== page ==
Dear kindly ladies of Padstow library,
I’d like to apologise for today’s disruptive and untoward behaviour in the ‘Cookery & Home’ section of your otherwise tranquil library. I hope this letter will offer some way of an explanation for my misdemeanours.
You see, at 3.40pm this afternoon, whilst browsing through the ‘same old, same old’ stories nestled in your beautifully stacked children’s corner, I saw something which caused my blood pressure to plunge rapidly resulting in an unexpected and apparently inconvenient faint. A faint that resulted in you abandoning your date stamps leaving an unusually long queue of two waiting customers.
You’re probably wondering why I fainted and why, upon coming-to, I hurled several hardback Jaqueline Wilson’s at one book in particular. Can you picture it? The proud cocky one, flexing its papery muscles in my face? The one about NITS! Yes, NITS! No big deal there hey? It’s a bloody big deal to me library lady. I’ve spent the last SIX months writing a book about NITS! Aaarrrgggh! The injustice. The suffering. The humiliation.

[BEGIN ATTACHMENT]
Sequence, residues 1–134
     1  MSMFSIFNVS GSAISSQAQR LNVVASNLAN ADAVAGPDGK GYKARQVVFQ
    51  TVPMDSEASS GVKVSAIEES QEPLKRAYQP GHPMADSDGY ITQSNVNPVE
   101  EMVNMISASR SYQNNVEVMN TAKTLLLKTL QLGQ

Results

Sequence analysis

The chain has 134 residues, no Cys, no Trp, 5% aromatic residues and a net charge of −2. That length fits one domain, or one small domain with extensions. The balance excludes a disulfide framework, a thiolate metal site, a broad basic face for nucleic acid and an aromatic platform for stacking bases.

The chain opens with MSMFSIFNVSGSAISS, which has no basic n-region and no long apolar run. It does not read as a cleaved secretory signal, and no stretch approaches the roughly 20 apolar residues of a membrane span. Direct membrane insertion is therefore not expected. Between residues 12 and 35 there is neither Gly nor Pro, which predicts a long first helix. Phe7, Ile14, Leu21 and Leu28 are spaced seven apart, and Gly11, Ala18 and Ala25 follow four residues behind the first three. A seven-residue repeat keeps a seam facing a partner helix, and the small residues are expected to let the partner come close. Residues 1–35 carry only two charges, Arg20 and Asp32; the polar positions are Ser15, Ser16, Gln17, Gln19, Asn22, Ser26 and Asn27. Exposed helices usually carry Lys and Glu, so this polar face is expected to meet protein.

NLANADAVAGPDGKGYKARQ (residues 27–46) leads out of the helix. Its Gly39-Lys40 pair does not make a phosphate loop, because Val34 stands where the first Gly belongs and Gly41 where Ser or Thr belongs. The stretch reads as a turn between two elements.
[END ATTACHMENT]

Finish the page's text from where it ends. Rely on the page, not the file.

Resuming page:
No one writes about nits. No one. I do! Everyone else writes about puppies, and ponies with rainbow coloured manes. About dinosaurs, witches, and fairies with kittens. I’m the original one. The creator of the elusive original idea. And it’s been stolen. Thieved before I’ve even sent out my first agent hunting letter. Waaaaah!
There’s room for one more nit book hey? Well, maybe there is. But I wanted to be the first. The pioneer of the literary lice tale. My hopes today are scuppered. I’m not sure when I can return to your library. I can’t bear that book’s mocking.
Of course, my mortification is somewhat exaggerated. I realise there are no original ideas and the world seems perfectly content to continue turning despite being weighed down with books about pirates and princesses.
Although the subject matter in my debut children’s book is no longer original, the story within the pages certainly is. And it is this story I will be sending to literary agents this week. Who couldn’t love a book about Lola Louselove’s ‘Lice Line’ – a helpline for distressed head-lice seeking advice on ‘avoiding extraction contraptions’ and ‘effective detection evasion’?
I’d like to thank you for the refreshing glass of milk, the comforting words and for the round leather pouffe for which to raise my jelly legs. I am deeply sorry that Mr Mortimer was unable to renew his ‘Perfecting Pasty Pastry’ in a timely manner and that Mrs Jacobson waited an additional one minute and thirty seconds to reserve the latest Hilary Mantel.
Please do let me know the cost of the damages caused to the covers of those innocent bystanders who were simply caught in the wrong place at the wrong time.